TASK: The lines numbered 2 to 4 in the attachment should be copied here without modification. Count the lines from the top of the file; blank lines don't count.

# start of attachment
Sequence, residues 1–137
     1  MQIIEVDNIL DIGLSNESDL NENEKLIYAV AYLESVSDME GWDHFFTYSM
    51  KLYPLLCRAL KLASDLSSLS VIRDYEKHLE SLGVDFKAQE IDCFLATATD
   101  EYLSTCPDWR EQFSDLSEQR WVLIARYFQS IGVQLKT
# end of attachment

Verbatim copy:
     1  MQIIEVDNIL DIGLSNESDL NENEKLIYAV AYLESVSDME GWDHFFTYSM
    51  KLYPLLCRAL KLASDLSSLS VIRDYEKHLE SLGVDFKAQE IDCFLATATD
   101  EYLSTCPDWR EQFSDLSEQR WVLIARYFQS IGVQLKT